Saturday, August 13, 2011

Tattoo like electronic patch to monitor health

Researchers at the University of Illinois have designed an ultra-thin electronic device that can be applied to skin like a temporary tattoo and can be used in sensing, medical diagnostics, communications and human-machine interfaces.

The circuit bends, wrinkles, and stretches with the mechanical properties of skin.

These electronic tattoos could one day help doctors to diagnose and monitor health conditions of patients non-invasively.

The researchers demonstrated their concept through a diverse array of electronic components mounted on a thin, rubbery substrate, including sensors, LEDs, transistors, radio frequency capacitors, wireless antennas, and conductive coils and solar cells for power.

"We threw everything in our bag of tricks onto that platform, and then added a few other new ideas on top of those, to show that we could make it work," said John A. Rogers, the Lee J. Flory-Founder professor of engineering at the University of Illinois, and lead author of the study.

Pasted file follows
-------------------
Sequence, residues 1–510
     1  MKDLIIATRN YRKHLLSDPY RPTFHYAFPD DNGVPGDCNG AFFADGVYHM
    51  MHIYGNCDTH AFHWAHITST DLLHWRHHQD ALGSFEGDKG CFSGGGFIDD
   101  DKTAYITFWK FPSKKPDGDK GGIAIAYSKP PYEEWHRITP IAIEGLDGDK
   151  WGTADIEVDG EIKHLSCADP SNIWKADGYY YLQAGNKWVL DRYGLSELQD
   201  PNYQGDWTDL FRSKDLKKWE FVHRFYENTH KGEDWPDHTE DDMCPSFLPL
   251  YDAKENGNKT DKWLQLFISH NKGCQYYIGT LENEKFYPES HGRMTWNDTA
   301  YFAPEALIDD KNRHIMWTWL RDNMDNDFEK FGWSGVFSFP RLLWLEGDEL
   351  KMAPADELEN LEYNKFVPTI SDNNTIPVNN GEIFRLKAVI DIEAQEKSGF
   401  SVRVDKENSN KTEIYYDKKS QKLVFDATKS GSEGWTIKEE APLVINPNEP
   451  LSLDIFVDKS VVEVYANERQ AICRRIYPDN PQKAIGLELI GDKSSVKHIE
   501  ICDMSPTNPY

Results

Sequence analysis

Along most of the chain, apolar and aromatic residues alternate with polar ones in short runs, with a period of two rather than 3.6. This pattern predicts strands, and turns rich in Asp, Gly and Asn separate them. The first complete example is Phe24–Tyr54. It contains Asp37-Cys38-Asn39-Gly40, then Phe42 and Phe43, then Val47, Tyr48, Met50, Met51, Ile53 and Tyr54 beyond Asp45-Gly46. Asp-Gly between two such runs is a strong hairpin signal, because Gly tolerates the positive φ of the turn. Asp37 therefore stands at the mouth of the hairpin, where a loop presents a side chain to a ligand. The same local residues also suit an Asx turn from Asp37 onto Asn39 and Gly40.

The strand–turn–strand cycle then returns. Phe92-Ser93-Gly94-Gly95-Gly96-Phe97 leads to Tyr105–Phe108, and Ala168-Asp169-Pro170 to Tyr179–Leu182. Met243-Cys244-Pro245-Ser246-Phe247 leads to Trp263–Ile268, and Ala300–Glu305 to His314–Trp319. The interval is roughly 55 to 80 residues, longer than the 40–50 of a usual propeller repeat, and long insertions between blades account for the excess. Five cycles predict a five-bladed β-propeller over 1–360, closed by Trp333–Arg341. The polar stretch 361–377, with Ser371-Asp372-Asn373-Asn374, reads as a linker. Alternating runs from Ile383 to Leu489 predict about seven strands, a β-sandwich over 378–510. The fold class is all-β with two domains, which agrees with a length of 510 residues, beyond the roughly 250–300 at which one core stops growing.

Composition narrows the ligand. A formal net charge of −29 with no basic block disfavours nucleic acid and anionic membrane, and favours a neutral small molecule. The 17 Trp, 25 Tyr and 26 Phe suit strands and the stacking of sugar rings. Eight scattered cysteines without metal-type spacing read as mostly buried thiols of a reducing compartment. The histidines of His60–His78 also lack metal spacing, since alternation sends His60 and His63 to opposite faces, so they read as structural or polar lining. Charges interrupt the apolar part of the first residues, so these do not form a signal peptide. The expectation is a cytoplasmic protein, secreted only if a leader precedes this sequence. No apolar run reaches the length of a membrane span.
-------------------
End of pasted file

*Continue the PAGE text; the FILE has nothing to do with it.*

The patches are initially mounted on a thin sheet of water-soluble plastic, then laminated to the skin with water – just like applying a temporary tattoo.

Alternately, the electronic components can be applied directly to a temporary tattoo itself, providing concealment for the electronics.

"We think this could be an important conceptual advance in wearable electronics, to achieve something that is almost unnoticeable to the wearer," said U. of I. electrical and computer engineering professor Todd Coleman, who co-led the multi-disciplinary team.

"The technology can connect you to the physical world and the cyberworld in a very natural way that feels very comfortable," he added.

Skin-mounted electronics have many biomedical applications, including EEG and EMG sensors to monitor nerve and muscle activity.

The researchers have described their novel skin-mounted electronics in the Aug. 12 issue of the journal Science .

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